Without a vision, people perish. Without God’s call on our lives, we languish in a stale repetition that does not forward the kingdom. “Boredom is rage spread thin,” said William Blake, and anyone who has sat through a lifeless church experience knows how enraging it is.
There are churches all over the American landscape that long ago gave up a vision in exchange for a comfortable place to be religious. They have devolved from a movement into a museum.
But it’s a myth to assume that such churches have no vision. They do have a vision – it’s just the wrong one. It’s not a God-size, Spirit-inspired vision that calls them outside of themselves and their comfort zones. It’s a vision dreamed up by false priests preaching, “Peace, peace,” when there is no peace. A wrong vision has the power to get in front of a crowd an lead it confidently to a dead-end.
Here are three of the most common visions that church embrace that lead eventually to closed doors.
1. Preserving the Golden Years – Churches that have had a relative level of success are at particular risk of this one. They came to a point where they were doing well, they were growing, and word of the church was spreading through the community. But time passed, growth stopped, and the church stagnated. There is usually a group of long-time church attenders who, at this point, try to relive the Golden Years. Unfortunately, they don’t look to the vision that originally inspired the growth of the church, they look to the means by which the church was growing. They try to go back to the same programs, same preaching style, same music, and same events that, 20 years ago, were drawing in.
The problem with this is that, 20 years later, the culture has changed. 20 years of cultural change is like 500 years of transformation that the English language has gone through, and going back to the programs that worked 20 years ago is like preaching with a Shakespearian vocabulary because that used to be cutting edge.
2. Grow Deep Not Wide – There are a few outspoken proponents of this with blogs that gather around them like-minded readers. Their mindset is that churches that grow in their outreach and size have necessarily compromised the depth of the message. Healthy churches, they say, just focus on growing deep and don’t worry about reaching new people.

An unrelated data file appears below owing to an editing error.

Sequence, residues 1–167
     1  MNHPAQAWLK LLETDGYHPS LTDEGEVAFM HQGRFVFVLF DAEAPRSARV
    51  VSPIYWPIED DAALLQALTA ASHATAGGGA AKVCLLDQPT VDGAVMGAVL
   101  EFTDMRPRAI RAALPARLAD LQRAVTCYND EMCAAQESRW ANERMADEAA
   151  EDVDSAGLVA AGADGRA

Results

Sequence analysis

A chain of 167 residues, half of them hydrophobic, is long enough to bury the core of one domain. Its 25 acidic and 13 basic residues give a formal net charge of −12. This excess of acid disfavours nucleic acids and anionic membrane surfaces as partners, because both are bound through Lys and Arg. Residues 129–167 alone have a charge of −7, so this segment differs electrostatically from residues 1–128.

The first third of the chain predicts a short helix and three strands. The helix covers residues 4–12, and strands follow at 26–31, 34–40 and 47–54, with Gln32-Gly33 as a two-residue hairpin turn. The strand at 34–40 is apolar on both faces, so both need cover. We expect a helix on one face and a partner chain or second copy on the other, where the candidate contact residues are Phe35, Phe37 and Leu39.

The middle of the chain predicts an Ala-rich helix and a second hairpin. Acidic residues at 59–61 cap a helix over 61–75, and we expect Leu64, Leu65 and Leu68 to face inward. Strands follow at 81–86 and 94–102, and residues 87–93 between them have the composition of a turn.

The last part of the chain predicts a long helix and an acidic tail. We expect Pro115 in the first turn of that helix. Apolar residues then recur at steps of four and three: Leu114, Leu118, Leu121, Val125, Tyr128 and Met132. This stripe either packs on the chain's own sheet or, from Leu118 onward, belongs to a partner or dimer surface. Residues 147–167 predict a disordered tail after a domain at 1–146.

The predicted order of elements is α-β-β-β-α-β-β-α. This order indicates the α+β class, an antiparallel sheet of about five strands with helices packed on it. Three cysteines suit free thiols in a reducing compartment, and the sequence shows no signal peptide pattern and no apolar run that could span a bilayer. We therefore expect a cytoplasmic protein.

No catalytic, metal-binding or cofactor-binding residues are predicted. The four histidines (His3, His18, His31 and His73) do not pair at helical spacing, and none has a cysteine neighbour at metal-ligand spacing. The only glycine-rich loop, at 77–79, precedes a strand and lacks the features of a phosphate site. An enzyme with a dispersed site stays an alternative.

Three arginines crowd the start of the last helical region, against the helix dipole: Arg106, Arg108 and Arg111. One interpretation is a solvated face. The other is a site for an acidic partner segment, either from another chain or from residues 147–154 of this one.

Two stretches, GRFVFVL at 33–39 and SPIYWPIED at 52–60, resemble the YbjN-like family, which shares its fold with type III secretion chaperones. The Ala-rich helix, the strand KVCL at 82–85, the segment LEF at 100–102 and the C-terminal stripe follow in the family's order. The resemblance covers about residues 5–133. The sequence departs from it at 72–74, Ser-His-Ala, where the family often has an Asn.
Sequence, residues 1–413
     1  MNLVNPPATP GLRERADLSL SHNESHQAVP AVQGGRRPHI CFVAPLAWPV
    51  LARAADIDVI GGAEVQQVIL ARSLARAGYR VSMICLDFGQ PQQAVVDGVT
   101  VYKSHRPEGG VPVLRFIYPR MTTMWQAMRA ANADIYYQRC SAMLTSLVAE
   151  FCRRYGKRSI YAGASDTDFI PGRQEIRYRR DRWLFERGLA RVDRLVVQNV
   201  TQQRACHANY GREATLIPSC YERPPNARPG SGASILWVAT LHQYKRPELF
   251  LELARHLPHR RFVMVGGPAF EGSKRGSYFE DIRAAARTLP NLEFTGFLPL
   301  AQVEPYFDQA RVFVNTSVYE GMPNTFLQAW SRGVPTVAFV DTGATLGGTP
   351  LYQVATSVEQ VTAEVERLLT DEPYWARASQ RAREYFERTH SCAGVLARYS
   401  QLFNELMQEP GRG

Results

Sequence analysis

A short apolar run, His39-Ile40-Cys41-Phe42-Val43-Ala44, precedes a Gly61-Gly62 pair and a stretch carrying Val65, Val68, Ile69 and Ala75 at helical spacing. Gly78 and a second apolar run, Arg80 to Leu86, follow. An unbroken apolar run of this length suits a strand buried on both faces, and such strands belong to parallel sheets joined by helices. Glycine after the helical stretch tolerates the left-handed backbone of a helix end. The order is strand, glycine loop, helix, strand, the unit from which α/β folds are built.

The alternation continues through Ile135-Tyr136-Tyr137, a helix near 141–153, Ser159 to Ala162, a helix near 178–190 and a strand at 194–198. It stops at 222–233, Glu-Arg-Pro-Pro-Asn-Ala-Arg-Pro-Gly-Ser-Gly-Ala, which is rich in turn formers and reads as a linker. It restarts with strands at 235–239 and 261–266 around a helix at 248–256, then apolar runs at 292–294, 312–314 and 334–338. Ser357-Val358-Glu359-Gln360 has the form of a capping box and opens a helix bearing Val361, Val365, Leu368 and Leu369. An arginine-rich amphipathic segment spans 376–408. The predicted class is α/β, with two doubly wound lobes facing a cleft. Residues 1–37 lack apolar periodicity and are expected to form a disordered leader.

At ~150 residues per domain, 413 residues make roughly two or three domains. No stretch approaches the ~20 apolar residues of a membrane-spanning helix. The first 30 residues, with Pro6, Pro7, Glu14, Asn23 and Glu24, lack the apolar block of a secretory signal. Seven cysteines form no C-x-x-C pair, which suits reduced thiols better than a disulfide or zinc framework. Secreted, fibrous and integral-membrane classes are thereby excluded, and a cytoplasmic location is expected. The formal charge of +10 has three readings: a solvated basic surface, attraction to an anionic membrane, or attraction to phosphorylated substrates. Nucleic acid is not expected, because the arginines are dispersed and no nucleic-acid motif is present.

The problems with this are three. First, churches like this shrink into non-existence, and you can only be so deep when there’s no one left to attend your church. Second, this means that the early church, in the book of Acts, was shallow, because God was adding to their number daily those who were being saved. And third, this has less to do with profundity and more to do with pride. Sitting around and thinking about how deep I am is not spiritual growth, its spiritual arrogance.
3. Fight the Culture – Some churches have held out as a circle of wagon protecting the insiders from the pagan, persecuting world out there. To their minds, Christians must be insulated from a corrupt culture.
Jesus taught exactly the opposite. Far from circling the wagons, Jesus walked among the lost and the corrupt. The Pharisees were the ones who taught an insular faith that avoided lost people. Jesus described himself as a shepherd on the hunt for lost sheep.
Christians that create an insular culture that avoids the world around it have their own vocabulary, their own insider practices, and they are virtually impermeable by someone who might want to know God. These churches protect themselves together, age together, and die together.
Jesus has a heart for lost people, and he empowers churches that are kingdom-minded. Kingdom-minded churches don’t settle for what used to be or what can simply be maintained. The churches take risks, make changes, and don’t go backwards. They will put everything on the line to make the gospel of Jesus known in a lost world. Be a kingdom-minded church! The world can’t wait!